They decided to try and process the fuel on board a tanker anchored offshore, creating toxic waste they called "slops".
One trader wrote, on 10 March 2006: "I don't know how we dispose of the slops and I don't imply we would dump them, but for sure, there must be some way to pay someone to take them."
The resulting black, stinking slurry was eventually dumped around landfills in Abidjan, after Trafigura paid an unqualified local man to take it away in tanker trucks at a cheap rate.
Trafigura's libel lawyers, Carter-Ruck, recently demanded the Guardian delete published articles, saying it was "gravely defamatory" and "untrue" to say Trafigura's waste had been dumped cheaply, and could have caused deaths and serious injuries. Both the Dutch paper Volkskrant and Norwegian TV said they were yesterday also threatened with gagging actions.
Trafigura launched a libel action against BBC Newsnight, complaining Trafigura had been wrongly accused of causing deaths, disfigurement and miscarriages, and had "suffered serious damage to their reputation".
The BBC filed a fighting defence this week, accusing Trafigura of knowing its chemicals were "highly toxic, potentially lethal and posed a serious risk to public health". The BBC also alleges a cover-up, saying Trafigura's denials "lack credibility and candour".
Newsnight plans to transmit another programme on the subject on BBC2 tonight.
The UN human rights special rapporteur Professor Okechukwu Ibeanu criticised Trafigura for potentially "stifling independent reporting and public criticism" in a report the oil traders tried and failed to prevent being published in Geneva this week.
The report said Prof Ibeanu "views with great concern reports that the company has filed or threatened to file lawsuits against various civil society and media institutions that have reported … in a critical manner".
He wrote: "According to official estimates, there were 15 deaths, 69 persons hospitalised and more than 108,000 medical consultations … there seems to be strong prima facie evidence that the reported deaths and adverse health consequences are related to the dumping."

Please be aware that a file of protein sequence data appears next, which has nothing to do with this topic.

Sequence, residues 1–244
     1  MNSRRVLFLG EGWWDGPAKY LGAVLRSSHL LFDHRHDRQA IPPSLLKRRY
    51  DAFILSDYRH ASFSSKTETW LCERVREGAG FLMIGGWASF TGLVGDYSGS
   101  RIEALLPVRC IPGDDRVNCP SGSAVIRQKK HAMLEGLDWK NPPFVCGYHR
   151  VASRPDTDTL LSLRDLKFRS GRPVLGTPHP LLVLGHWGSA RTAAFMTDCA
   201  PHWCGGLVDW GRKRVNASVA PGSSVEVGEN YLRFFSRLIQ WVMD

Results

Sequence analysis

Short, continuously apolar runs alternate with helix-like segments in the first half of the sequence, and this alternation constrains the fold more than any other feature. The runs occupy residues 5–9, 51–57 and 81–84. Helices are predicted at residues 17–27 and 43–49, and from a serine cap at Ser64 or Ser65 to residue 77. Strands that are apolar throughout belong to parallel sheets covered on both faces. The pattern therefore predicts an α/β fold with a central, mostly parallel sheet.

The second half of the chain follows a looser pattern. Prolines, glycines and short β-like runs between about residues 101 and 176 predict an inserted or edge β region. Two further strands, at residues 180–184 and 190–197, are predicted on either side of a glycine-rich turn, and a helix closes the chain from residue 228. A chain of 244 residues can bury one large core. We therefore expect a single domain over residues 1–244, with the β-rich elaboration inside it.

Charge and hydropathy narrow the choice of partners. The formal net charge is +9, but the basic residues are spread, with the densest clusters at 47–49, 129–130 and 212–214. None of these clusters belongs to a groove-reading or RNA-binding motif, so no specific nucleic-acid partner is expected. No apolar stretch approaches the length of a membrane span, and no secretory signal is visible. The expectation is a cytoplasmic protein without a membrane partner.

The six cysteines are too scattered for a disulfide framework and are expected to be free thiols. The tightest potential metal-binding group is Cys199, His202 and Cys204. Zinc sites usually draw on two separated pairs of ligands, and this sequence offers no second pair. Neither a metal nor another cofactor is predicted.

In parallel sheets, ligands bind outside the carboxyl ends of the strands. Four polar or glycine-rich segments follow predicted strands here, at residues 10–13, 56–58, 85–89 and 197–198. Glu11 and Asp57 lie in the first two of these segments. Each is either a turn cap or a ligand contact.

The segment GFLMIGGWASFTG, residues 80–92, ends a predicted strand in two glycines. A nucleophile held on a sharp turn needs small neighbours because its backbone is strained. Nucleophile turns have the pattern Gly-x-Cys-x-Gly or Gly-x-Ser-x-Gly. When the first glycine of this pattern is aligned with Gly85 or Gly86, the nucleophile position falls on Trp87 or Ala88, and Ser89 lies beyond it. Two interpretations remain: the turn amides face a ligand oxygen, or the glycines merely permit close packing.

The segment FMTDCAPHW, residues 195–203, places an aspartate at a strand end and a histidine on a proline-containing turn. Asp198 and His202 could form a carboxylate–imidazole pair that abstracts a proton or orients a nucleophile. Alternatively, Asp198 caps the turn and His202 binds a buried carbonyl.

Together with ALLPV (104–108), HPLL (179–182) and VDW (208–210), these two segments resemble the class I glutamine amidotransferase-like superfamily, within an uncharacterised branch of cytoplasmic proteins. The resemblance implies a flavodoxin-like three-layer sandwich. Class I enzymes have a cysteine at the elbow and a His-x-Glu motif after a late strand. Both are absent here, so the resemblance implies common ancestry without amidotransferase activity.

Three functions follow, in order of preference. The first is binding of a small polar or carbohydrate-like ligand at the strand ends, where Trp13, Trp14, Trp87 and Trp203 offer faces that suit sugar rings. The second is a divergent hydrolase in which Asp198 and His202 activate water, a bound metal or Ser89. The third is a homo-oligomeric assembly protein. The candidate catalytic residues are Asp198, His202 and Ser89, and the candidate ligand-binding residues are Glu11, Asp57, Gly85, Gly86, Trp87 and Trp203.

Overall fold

The report is written in cautious terms, but Trafigura's lobbyists, Bell Pottinger, responded by claiming to be "appalled", saying it was "premature", "inaccurate", "potentially damaging", "poorly researched", and "deeply flawed".
Yesterday Greenpeace, which has been investigating the issue, along with Amnesty, launched a legal action in Amsterdam calling for the oil firm to be prosecuted there for homicide or grievous bodily harm. It said: "This intentional pollution … has caused many people to suffer serious injuries and has even led to death."
Trafigura said it "utterly rejected" claims of a cover-up. "Every statement that has been made … has been made in good faith."
The traders said the autopsy reports were unreliable, and that hydrogen sulphide in the waste was only there in "potential" form. It has never actually been released. They said the emails contained "crude and distasteful" language, but had been taken "out of context" and should "not be taken literally".
They repeated denials that the slops could have caused death or serious injury, and were highly toxic. They denied lying about the composition of the slops.
Trafigura says it is the world's third-biggest private oil trader, and declared $440m profit last year. Its 200 traders are reported to receive annual bonuses of up to $1m each.